SOUTH PORTLAND – The hum of traffic is still in the air on Hobart Street, but a sound meter showed Wednesday that the noise is about half what it was before the wall went up.

That seemed like a reasonable conclusion to Peter Jamieson, who lives with his wife, Diane, in a house next to the sound wall that separates their neighborhood from Interstate 295.

“You can sit down on the back porch now,” Jamieson said. “It was bad enough (before) where she couldn’t hear me and I couldn’t hear her.”

Nate Howard, a noise specialist for the state Department of Transportation, and Joe Siviski, an intern, measured sound levels in the neighborhood between the highway and Broadway on Wednesday afternoon. Their goal was to see how well the $1.5 million, 3,550-foot-long wall is protecting residents from traffic noise.

The state erected the concrete-and-wood composite wall — southern Maine’s first highway sound wall — earlier this year. It was part of a larger project that added a lane to I-295, bringing the highway that much closer to the neighborhood.

The wall was designed to reduce traffic noise by about 10 decibels around the homes closest to the highway. That’s what Howard found Wednesday when he returned to eight sites where he measured in 2008.

“I’m pretty happy about that  achieving what we predicted,” he said.

To the human ear, a 10-decibel decrease cuts the noise by half, Howard said. A five-decibel difference isn’t readily noticeable. A three-decibel difference is the smallest difference most people would detect.

Under federal highway standards, areas where the level is at or above 67 decibels are considered impacted by traffic noise. That is the level at which noise begins to interrupt normal conversation, Howard said.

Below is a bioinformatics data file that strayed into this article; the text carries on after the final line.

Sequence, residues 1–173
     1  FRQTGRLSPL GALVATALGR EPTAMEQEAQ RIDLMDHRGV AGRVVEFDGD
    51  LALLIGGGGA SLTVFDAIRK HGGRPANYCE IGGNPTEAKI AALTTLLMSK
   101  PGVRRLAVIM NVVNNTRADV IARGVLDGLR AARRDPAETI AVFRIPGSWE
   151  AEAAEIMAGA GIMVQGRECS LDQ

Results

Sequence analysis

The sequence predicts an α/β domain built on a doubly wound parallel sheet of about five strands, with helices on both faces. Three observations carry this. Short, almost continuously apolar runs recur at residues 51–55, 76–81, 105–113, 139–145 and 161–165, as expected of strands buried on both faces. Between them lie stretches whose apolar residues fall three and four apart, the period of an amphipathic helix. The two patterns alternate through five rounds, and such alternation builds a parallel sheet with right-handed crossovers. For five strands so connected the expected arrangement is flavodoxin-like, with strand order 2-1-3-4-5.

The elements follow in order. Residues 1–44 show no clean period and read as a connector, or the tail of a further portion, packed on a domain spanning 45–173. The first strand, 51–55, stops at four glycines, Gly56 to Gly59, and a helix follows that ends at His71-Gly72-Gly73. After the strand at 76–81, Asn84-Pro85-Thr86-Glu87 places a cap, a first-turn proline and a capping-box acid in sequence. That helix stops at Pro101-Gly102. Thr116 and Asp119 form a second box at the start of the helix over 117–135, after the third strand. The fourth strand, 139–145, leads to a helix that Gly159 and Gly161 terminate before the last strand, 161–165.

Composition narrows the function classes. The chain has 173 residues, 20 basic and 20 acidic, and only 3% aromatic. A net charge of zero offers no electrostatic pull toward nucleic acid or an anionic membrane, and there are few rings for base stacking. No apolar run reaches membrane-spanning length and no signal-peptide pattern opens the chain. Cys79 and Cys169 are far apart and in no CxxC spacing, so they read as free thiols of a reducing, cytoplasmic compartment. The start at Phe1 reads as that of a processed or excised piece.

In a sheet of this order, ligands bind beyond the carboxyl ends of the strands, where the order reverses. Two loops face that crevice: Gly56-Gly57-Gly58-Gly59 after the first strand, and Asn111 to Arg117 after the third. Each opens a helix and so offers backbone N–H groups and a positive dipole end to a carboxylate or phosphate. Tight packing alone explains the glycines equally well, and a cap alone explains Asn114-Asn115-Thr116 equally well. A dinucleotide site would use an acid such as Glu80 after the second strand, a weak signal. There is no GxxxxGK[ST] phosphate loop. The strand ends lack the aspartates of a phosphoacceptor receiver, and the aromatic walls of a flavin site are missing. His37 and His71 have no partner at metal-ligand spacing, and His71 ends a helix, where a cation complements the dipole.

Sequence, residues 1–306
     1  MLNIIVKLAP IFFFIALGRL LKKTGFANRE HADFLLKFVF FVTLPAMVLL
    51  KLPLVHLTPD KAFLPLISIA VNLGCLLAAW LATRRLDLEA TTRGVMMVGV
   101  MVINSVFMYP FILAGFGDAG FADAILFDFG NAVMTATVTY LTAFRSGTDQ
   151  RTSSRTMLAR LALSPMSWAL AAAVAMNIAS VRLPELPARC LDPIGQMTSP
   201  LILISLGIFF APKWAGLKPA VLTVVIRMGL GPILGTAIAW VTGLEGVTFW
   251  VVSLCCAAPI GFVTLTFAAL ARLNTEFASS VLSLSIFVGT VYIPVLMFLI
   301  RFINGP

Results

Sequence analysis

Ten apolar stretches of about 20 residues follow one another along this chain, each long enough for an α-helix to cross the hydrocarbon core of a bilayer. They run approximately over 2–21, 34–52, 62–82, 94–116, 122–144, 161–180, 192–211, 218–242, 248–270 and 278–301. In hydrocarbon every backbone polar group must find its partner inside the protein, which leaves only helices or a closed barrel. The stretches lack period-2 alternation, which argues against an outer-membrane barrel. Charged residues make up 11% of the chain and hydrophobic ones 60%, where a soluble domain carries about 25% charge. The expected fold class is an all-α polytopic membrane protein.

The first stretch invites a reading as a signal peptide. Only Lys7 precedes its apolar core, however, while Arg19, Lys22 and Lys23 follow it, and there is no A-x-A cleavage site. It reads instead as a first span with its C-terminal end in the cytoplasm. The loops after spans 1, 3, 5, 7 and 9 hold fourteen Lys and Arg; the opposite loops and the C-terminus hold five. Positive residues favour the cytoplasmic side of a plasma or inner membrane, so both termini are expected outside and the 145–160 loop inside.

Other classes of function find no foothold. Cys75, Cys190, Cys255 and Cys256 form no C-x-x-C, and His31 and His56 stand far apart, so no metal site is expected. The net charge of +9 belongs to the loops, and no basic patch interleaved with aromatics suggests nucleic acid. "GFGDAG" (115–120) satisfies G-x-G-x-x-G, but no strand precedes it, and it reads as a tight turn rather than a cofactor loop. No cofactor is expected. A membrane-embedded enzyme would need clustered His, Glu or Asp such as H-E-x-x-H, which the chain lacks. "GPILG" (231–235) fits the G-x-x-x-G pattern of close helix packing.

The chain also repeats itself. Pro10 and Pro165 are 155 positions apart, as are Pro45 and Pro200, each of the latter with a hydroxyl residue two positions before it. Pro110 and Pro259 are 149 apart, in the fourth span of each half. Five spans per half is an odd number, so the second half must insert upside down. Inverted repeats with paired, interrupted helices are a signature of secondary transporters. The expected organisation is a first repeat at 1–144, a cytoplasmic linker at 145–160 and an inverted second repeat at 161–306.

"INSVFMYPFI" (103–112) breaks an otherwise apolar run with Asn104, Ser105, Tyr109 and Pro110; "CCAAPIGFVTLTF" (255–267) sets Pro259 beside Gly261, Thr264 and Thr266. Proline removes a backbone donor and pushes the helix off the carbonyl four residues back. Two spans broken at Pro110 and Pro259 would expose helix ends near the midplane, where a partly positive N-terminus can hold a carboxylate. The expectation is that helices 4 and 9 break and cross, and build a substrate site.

In 2008, Howard found decibel levels of 71 to 74 — louder than a busy restaurant but not as loud as a garbage disposal — in places closest to the highway.

On Wednesday, he and Siviski went around the neighborhood wearing the department’s bright orange caps and fluorescent tops. They put a meter on a tripod at each designated spot, and left it for some time before checking the readings.

Their measurements at the end of Hobart Street were 61 and 64 decibels on Wednesday, compared with 71 in 2008.

On Evergreen Road, which runs roughly parallel with the highway, the measurements were 60 and 62, compared with 71 two years ago. At the end of Hall Street, both measurements Wednesday were 63, compared with 74 in 2008.

Paul “Andy” Anderson’s, whose home on Hall Street is only about 10 feet from the wall, said, “It works!”

“My wife insists there’s no difference,” he said, “but I can sit in my chair just inside the door with the back windows open. Before (the wall went up), I couldn’t do that.”

A little distance can make a big difference. Sound measurements taken a few houses away from the wall Wednesday were generally in the 50s — somewhere between background music and normal speech. That also was the case for those locations in 2008.

In at least one spot, Wednesday’s measurements showed more noise. Several doors down from Jamieson, the readings were 58 and 62, compared with 57 in 2008.

For both tests, Howard measured the noise late in the afternoon on a summer weekday. But measuring sound in a neighborhood isn’t an exact science. Some meters were in place longer than others, and factors besides the highway can affect the readings.

The measurement for one spot — where a car passed with blaring music and someone nearby worked with loud hedge trimmers — would likely be thrown out.

“It’s been amazing. There’s been absolutely no barking dogs,” Howard said. “That’s great!”

Staff Writer Ann S. Kim can be contacted at 791-6383 or at:

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